Mr. Maddocks’ paper concludes with a call for microfinance institutions to pioneer new ways to use microfinance services to promote social change, explaining that “solving difficult and often deadly social problems requires holistic approaches for both the clients who need to be served and the organizations that take on the role of assisting them. This role may be well beyond the comfort zone of many mainstream, market-oriented MFIs. But if a new microfinance model is emerging, it will take pioneers, such as those highlighted in this paper, who are willing to look deeply into the causes of poverty and social exclusion and are committed to waging a multilateral assault on the conditions that make this poverty possible.”
Mr. Maddocks is the Sustainable Microenterprise Development Program (SMDP) Coordinator at the Carsey Institute of the US-based University of New Hampshire.
By Makai McClintock, Research Associate
About Grameen Bank
Grameen Bank is a Bangladeshi microfinance institution that provides loans to poor entrepreneurs in rural areas. It was founded in 1976 by Muhammad Yunus, who, along with Grameen Bank, won the 2006 Nobel Peace Prize for his work in developing the concept of microfinance. As of December 31, 2011, Grameen Bank reported to the US-based nonprofit Microfinance Information Exchange total assets of USD 1.63 billion, return on assets (ROA) of 0.41 percent and return on equity (ROE) of 6.82 percent. For the year 2012, Grameen Bank reported a gross loan portfolio of USD 1 billion and total deposits of 1.65 billion.
About Bangladesh Rural Advancement Committee (BRAC)
Established in 1972 as the Bangladesh Rehabilitation Assistance Committee, BRAC is an NGO based in Bangladesh. According to its website, “BRAC works with people whose lives are dominated by extreme poverty, illiteracy, disease and handicaps. With multifaceted development interventions, BRAC strives to bring about change in the quality of life of poor people in Bangladesh.” As of 2011, BRAC reported to the US-based nonprofit Microfinance Information Exchange (MIX) total assets of USD 670 million, a gross loan portfolio of USD 640 million, approximately 5 million borrowers, return on assets (ROA) of 2.78 percent, return on equity (ROE) of 9.30 percent.
About Consultative Group to Assist the Poor (CGAP)
CGAP (Consultative Group to Assist the Poor) is a US-based nonprofit policy and research center dedicated to increasing financial access for poor people worldwide. CGAP is supported by approximately 40 development agencies and private foundations. Its mission is to provide market intelligence, promote standards and offer advisory services to governments, microfinance providers, donors and investors. For the fiscal year ending June 2012, CGAP had a budget of USD 22.5 million. CGAP is co-located with the offices of the World Bank Group in Washington, DC.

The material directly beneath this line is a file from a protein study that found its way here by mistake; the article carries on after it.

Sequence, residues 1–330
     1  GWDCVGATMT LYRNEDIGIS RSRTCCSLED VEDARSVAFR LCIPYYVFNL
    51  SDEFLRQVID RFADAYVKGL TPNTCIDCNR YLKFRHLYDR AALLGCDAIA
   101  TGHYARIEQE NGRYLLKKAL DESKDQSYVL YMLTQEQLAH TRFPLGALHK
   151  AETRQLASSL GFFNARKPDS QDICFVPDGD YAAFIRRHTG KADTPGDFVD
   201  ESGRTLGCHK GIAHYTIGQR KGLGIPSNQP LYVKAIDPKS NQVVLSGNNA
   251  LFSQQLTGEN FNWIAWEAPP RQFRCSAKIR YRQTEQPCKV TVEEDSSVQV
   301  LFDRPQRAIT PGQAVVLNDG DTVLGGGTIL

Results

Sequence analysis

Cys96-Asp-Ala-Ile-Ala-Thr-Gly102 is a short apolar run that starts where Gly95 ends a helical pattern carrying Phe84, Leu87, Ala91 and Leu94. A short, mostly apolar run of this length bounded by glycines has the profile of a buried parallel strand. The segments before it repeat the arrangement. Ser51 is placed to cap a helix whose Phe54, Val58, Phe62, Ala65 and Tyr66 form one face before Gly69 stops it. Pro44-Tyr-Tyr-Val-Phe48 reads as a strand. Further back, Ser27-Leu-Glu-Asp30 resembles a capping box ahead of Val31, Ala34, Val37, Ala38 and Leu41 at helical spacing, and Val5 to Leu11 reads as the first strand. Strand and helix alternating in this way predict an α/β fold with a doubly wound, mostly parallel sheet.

About Sustainable Microenterprise Development Program (SMDP)
The Sustainable Microenterprise and Development Program (SMDP), housed in the Carsey Institute in the University of New Hampshire, provides training and networking opportunities for practitioners in the fields of microfinance, enterprise development, social enterprise, community based and rural development. The SMDP offers a professional development training experience with a concentration on program planning, implementation and impact evaluation. Course topics cover a wide range of best practices from financial, risk and human resource management, social performance monitoring and evaluation, value chain and ProPoor market development, social enterprise, microfinance investment readiness, inclusive youth financial services and sustainable responses to climate change.
Sources and Additional Resources
“How Can Microfinance Programs Help the Struggle Against Social problems Such as Begging, Child Labor, Prostitution, Violence Against Women, Criminality, Gangs, and Drug Addiction?;” by William O. Maddocks; Commissioned workshop paper at 2011 Global Microcredit Summit; 2011; http://www.globalmicrocreditsummit2011.org/userfiles/file/Workshop%20Papers/W_%20Maddocks%20-%20How%20Can%20Microfinance%20Programs%20Help%20the%20Struggle%20Against%20Social%20Problems%20Such.pdf
MicroCapital.org story: “MICROCAPITAL PAPER WRAP-UP: Women are Useful to Microfinance: How Can We Make Microfinance Be More Useful to Women”; published April 11th, 2012; http://www.microcapital.org/microfinance-paper-wrap-up-women-are-useful-to-microfinance-how-can-we-make-microfinance-be-more-useful-to-women-workshop-paper-at-2011-global-microcredit-summit/
MicroCapital.org story: “MICROCAPITAL PAPER WRAP-UP: The Debate on outreach and Impact: What Do We Know and How Do We Know It”; published February 23rd, 2012; http://www.microcapital.org/microfinance-paper-wrap-up-the-debate-on-outreach-impact-what-do-we-know-and-how-do-we-know-it-by-david-s-gibbons-published-by-global-microcredit-summit/
MicroCapital Universe Profile: Grameen Bank
MicroCapital Universe Profile: Bangladesh Rural Advancement Committee (BRAC)
MicroCapital Universe Profile: Consultative Group to Assist the Poor
MicroCapital Universe Profile: Sustainable Microenterprise Development Program (SMDP)